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College of Science

Determination of Vitamin C Concentration by Titration


(Redox Titration Using Iodine Solution) Safety
Lab coats, safety glasses and enclosed footwear must be worn at all times in the laboratory.

Solutions Needed
Iodine solution: (0.005 mol L1). Weigh 2 g of potassium iodide into a 100 mL beaker. Weigh 1.3 g of iodine and add it into the same beaker. Add a few mL of distilled water and swirl for a few minutes until iodine is dissolved. Transfer iodine solution to a 1 L volumetric flask, making sure to rinse all traces of solution into the volumetric flask using distilled water. Make the solution up to the 1 L mark with distilled water.

Introduction

This method determines the vitamin C concentration in a solution by a redox titration using iodine. Vitamin C, more properly called ascorbic acid, is an essential antioxidant needed by the human body (see additional Starch indicator solution: (0.5%). Weigh 0.25 g of notes). As the iodine is added during the titration, the soluble starch and add it to 50 mL of near boiling water ascorbic acid is oxidised to dehydroascorbic acid, while in a 100 mL conical flask. Stir to dissolve and cool before (Redox Titration the iodine is reduced to iodide ions. Using Iodine Solution) using. ascorbic acid + I2 2 I + dehydroascorbic acid Introduction Thisiodine method determines the vitamin C concentration Due to this reaction, the formed is immediately in a solution by a redox titration using iodine. Vitamin reduced to iodide as long as there is any ascorbic acid C, more properly called ascorbic acid, is an essential Burette containing present. Once all the ascorbic acid has been oxidised, iodine solution antioxidant needed by the human body (see additional notes). As the iodine added during the titration, the the excess iodine is free to react with is the starch acid is oxidised to dehydroascorbic acid, while indicator, forming theascorbic blue-black starch-iodine complex. the iodine is reduced to iodide ions. This is the endpoint of the titration.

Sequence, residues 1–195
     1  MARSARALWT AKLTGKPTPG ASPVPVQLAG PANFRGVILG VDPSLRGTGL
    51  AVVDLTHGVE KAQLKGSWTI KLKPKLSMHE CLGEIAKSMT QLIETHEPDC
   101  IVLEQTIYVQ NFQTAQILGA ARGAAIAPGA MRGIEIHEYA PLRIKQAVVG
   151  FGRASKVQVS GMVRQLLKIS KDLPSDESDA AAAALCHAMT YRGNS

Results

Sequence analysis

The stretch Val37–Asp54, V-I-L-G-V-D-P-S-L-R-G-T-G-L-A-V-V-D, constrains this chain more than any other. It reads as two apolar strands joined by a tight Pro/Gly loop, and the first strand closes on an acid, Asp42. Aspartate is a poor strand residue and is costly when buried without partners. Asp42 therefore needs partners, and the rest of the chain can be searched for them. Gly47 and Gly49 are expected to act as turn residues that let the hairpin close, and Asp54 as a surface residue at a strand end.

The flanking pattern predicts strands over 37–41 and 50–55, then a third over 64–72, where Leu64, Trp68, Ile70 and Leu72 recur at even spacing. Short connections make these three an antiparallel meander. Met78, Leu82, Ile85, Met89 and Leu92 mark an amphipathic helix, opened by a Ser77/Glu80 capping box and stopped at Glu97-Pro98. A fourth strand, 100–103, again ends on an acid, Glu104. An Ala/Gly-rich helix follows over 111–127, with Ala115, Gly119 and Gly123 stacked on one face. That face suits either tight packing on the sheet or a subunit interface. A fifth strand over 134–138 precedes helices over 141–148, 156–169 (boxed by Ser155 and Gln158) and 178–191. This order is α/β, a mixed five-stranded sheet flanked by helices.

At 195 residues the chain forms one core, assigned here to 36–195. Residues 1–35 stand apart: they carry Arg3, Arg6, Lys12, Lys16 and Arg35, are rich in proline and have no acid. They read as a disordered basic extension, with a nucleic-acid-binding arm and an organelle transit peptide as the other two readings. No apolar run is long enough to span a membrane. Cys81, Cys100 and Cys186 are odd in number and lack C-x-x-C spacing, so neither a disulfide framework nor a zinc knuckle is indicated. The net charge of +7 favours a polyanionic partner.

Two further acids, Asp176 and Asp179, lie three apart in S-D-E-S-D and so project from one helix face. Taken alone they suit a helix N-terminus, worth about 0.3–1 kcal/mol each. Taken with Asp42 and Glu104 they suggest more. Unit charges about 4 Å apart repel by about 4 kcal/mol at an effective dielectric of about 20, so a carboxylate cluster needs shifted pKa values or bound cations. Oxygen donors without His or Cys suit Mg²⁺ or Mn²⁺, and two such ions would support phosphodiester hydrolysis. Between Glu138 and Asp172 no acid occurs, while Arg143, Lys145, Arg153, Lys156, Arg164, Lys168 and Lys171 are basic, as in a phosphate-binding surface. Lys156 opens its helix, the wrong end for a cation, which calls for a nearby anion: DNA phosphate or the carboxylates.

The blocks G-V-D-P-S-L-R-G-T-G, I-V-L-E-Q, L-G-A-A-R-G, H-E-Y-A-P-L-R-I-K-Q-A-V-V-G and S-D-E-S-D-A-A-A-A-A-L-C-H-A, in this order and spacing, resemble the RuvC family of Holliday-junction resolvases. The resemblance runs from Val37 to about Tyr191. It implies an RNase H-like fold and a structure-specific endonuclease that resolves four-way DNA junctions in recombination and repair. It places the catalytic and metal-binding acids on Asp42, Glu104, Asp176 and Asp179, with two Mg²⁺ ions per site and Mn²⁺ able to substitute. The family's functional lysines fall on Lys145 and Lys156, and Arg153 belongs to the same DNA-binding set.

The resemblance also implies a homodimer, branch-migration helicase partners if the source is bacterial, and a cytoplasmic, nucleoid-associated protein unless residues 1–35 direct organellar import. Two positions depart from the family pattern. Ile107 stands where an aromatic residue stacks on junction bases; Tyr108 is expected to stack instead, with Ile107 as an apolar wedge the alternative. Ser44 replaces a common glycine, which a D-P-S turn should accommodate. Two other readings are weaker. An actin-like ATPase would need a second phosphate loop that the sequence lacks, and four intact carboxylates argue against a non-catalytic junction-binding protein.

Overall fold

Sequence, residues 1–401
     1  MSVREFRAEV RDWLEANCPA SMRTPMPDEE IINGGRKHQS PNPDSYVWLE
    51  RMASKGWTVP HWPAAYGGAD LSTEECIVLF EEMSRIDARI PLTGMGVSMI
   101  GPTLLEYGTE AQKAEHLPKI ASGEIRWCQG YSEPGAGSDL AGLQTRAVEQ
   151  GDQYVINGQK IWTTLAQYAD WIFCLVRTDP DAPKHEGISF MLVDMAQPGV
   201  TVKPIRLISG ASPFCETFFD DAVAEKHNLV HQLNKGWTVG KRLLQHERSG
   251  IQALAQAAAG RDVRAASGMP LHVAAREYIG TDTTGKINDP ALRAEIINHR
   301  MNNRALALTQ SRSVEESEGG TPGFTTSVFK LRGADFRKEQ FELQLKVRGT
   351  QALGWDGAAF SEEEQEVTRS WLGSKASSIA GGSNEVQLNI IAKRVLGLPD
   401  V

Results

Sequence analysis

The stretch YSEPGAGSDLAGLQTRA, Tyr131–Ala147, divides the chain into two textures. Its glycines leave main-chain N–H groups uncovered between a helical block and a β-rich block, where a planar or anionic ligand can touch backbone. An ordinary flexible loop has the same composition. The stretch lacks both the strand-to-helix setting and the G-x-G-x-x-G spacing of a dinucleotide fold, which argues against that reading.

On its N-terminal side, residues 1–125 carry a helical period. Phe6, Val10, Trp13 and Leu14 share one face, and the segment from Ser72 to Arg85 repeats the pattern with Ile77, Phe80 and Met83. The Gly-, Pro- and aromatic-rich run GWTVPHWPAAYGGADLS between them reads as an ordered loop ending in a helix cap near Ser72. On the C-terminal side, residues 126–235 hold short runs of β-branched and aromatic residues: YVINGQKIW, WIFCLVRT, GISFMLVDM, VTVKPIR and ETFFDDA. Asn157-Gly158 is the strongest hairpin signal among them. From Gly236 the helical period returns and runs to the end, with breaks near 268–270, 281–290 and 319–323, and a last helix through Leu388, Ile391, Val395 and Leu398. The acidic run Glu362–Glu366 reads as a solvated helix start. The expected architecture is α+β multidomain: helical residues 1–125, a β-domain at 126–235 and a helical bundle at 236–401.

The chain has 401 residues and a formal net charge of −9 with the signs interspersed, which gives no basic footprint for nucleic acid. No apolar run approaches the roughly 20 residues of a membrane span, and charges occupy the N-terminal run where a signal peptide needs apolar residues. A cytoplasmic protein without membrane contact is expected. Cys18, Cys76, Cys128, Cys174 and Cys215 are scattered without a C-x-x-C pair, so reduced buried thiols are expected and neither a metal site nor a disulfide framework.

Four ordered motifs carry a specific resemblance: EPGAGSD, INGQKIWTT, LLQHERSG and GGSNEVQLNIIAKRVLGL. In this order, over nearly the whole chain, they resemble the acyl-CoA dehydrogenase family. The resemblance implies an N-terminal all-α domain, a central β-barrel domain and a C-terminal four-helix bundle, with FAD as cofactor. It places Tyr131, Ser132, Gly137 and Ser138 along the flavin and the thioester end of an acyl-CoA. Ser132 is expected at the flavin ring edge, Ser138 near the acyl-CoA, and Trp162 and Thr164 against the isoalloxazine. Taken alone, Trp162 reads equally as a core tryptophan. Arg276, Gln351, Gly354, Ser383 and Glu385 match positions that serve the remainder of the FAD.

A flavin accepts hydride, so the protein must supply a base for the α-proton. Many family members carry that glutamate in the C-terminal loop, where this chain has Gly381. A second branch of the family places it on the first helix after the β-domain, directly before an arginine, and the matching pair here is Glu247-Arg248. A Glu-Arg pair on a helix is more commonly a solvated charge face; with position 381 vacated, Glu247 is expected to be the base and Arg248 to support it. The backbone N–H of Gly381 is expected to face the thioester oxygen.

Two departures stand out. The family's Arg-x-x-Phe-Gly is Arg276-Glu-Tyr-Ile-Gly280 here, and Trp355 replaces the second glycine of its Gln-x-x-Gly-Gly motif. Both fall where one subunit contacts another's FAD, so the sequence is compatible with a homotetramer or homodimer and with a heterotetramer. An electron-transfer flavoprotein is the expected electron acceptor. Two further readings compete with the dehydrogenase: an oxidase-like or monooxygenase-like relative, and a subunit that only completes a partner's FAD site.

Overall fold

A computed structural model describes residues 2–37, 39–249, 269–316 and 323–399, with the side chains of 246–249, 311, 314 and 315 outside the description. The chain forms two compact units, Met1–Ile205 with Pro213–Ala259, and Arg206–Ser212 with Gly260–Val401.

Determination of Vitamin C Concentration by Titration

The method is suitable for with vitamin tablets, Due touse this reaction, the iodineC formed is immediately fresh or packaged fruit juices solid fruits and reduced toand iodide as long as there is any ascorbic acid present. Once all the ascorbic acid has been oxidised, vegetables.
the excess iodine is free to react with the starch

ascorbic acid + I2 2 I + dehydroascorbic acid

indicator, forming the blue-black complex. NB: This method is more straight forward thanstarch-iodine the This is the endpoint of the titration. alternative method using potassium iodate, but as method is is suitable use with vitamin the potassium iodate The solution more for stable than theC tablets, fresh or packaged fruit juices and solid fruits and iodine as a primary standard, the alternative method is vegetables. more reliable. NB: This method is more straight forward than the

Equipment Needed
burette and stand 20 mL pipette

alternative method using potassium iodate, but as the potassium iodate solution is more stable than the iodine as a primary standard, the alternative method is more reliable.
Conical flask

Equipment Needed 100 mL or 200 mL volumetric flask


burette and stand 100 mL or 200 mL volumetric flask 20 mL pipette

Vitamin C sample solution

10 mL and 100 mL measuring cylinders


250 mL conical flasks

250 mL conical flasks 10 mL and 100 mL measuring cylinders


Solutions Needed